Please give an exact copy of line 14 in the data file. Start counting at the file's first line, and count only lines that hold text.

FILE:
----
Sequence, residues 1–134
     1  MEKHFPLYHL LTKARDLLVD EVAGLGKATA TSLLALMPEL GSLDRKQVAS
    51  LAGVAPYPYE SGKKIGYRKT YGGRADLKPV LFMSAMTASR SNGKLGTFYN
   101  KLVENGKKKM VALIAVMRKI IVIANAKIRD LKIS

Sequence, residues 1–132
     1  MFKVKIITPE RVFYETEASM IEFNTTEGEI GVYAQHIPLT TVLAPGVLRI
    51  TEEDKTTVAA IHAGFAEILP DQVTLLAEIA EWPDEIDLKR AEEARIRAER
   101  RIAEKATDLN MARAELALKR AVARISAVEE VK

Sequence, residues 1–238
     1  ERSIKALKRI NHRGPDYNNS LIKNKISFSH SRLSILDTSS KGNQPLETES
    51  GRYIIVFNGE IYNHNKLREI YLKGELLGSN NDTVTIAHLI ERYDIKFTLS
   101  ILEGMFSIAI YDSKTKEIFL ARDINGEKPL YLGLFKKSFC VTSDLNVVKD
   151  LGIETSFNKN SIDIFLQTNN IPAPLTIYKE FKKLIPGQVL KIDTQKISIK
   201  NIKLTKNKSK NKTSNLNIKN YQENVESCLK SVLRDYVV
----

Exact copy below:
   201  NIKLTKNKSK NKTSNLNIKN YQENVESCLK SVLRDYVV